12:31 GMT +324 November 2017

    David Nabarro warns of an inevitable influenza pandemic

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    A RIA Novosti interview with United Nations System Influenza Coordination (UNSIC) senior coordinator David Nabarro

    Question: It's been almost five years since the first human victims of bird flu died. This is no longer a major news story, just additions to a 200-long list. Is it true to say the most severe danger relating to bird flu is forgetting about the threat altogether?

    Answer: In public health we are often dealing with problems that have potentially serious consequences. And they are small news when we are actually responding to them but they become big news when they get out of control after we fail to do our job. I would like to see intense work by governments, by community organizations to deal with this issue. I would like to see it as number one. High media publicity for me is not so important.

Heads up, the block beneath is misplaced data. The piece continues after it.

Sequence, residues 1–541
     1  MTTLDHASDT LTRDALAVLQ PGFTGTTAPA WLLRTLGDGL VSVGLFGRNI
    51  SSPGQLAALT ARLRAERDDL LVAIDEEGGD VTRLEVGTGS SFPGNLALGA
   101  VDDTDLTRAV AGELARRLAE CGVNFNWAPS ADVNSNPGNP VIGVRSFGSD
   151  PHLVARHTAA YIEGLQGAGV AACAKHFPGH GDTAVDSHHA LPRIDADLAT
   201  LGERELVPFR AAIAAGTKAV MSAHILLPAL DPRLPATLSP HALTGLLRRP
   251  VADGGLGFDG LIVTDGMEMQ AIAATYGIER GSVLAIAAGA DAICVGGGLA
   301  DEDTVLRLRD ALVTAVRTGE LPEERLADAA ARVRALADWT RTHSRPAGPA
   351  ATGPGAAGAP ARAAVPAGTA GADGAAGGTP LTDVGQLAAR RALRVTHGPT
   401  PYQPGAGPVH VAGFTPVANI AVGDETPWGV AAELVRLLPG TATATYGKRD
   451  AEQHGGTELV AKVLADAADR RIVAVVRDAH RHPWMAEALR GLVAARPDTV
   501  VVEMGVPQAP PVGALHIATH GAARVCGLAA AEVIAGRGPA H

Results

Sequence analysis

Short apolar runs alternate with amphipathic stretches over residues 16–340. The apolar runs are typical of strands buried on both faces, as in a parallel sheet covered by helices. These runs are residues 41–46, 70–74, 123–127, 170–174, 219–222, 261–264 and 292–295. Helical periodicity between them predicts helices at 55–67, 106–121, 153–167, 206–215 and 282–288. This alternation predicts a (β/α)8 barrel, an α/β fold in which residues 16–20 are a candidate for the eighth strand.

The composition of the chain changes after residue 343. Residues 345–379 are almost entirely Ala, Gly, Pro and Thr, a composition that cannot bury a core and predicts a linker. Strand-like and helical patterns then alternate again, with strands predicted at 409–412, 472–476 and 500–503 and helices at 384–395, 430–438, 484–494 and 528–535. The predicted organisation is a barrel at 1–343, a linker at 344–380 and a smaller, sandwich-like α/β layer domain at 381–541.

What would not be helpful actually is to scare people into thinking massive pandemic starting any second now and have them in uncertainty on what they should be doing. So I'm not distressed about the reduced media coverage, I think we are reaching a more balanced media coverage by this time. What I'm very concerned about is to ensure there's still a sustained popular action and sustained governement action in the next few years to do with the issue. If governments stop thinking about it or if people stop thinking about it then we would have something to worry about.


    Q: So this is not a situation where a pandemic could start any second?

    A: In my job it is normal to behave as if a pandemic could start tomorrow, because this is my job, this is what I have to deal with 24 hours a day, seven days a week. But I wouldn't want you in your job spending a lot of time thinking a pandemic is about to start. I want you to get on with your life and rely on those who are responsible of dealing with this issue.


    Q: What is the probability of a pandemic?